Someone once told me they got off a plane, got into a car, and turned on the radio. Our show was on and they said they knew they were in Toronto - what they were hearing sounded like this city. That's what we're trying to do.
Do you consider Toronto a world class city? Why or why not?
Not sure what "world class" means. Almost as good as Chicago? Like New York, but nicer?
There are many great cities in the world. We are one of them.
What we lack is something substantial that will pull us together. When you're constantly begging for money to keep potholes filled and grass cut in parks, you can't to have the vision for something transformational or unifying. There are bits and pieces of this happening, particularly on the cultural scene (i.e. a million people on the streets for Nuit Blanche), but what about a grand project that electrifies and inspires the city? Don't tell me we can't afford it...
Who picks the music on your show?
For the most part, I do. We try to play as wide a mix as possible to reflect who we are and what's going on in this city. Some things you've heard before... some things you should hear right now.
On Here & Now, and throughout your career, you've covered the widest variety of subjects. Among them all, do you have an affinity for particular subjects? Do you wish you could cover other subjects more frequently? Are there certain subjects you wish you didn't have to cover at all?
The best thing about my job is that I can go from food and politics to architecture, literature, West African psychedelic music and soccer in the space of three hours. It fits nicely with my short attention span.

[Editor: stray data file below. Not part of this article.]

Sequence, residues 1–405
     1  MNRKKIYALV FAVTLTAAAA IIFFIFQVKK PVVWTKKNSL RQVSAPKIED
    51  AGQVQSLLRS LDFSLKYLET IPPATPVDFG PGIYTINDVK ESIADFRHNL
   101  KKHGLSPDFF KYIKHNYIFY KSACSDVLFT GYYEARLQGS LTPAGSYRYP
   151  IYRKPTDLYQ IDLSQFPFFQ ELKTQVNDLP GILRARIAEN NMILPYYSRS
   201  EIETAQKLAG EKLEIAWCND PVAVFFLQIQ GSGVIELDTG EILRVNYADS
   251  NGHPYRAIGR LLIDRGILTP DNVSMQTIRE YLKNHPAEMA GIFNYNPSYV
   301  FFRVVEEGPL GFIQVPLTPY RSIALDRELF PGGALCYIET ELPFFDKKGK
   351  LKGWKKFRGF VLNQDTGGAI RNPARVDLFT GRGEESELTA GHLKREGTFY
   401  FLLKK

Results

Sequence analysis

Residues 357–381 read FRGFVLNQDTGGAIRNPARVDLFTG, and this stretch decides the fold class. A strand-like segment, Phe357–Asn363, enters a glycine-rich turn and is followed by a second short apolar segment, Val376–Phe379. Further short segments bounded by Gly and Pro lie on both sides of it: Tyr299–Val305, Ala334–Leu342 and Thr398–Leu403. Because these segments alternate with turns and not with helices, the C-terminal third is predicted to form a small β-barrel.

From working on radio, you must have a certain amount of anonymity. Do people recognize you from your voice?
Occasionally. Most often, it seems, in the grocery store, when I'm explaining to my kids why they can't have dinosaur egg cereal.
Talk about your experience reporting on the Olympics in China?
The most fun I've ever had at work.
We worked 16 hour shifts for 21 days straight, but it was exhilarating to be in a city/country in the midst of something massive. Was it the Olympics? Was it a country opening itself up to the world? Hard to tell, but you could go into the wildest corners of Beijing, miles away from the stadiums and crowds, and feel something happening.
And the food was unbelievable.
I was a very lucky man.
What are some of your favorite corners/neighborhoods of the city?
I live in the west end, and love my street. We have Ethiopian, Japanese, Korean, Greek, Mexican, Jamaican, Portuguese and Indian restaurants at the bottom of our block, plus the best grocery store in the city, a kick-ass butcher shop and the top baseball yard in town (sorry Mr Rogers).
The Artscape Wychwood Barns at St. Clair and Christie will be a remarkable addition to the city - a kind of creativity lab mixing visual arts, community activism, and food.
The green space behind the Brick Works is, for me, typical Toronto. You're only steps away from the highway but it's a nature preserve that runs through the ravine and is almost silent.
I've also become somewhat obsessed with the Pacific Mall in Markham. Hand-pulled noodles don't get any better than the ones you can find on the second floor.
You can catch Matt Galloway as host of Here & Now weekdays from 3:00pm-6:00pm on CBC Radio FM 99.1.
Join the conversation Load comments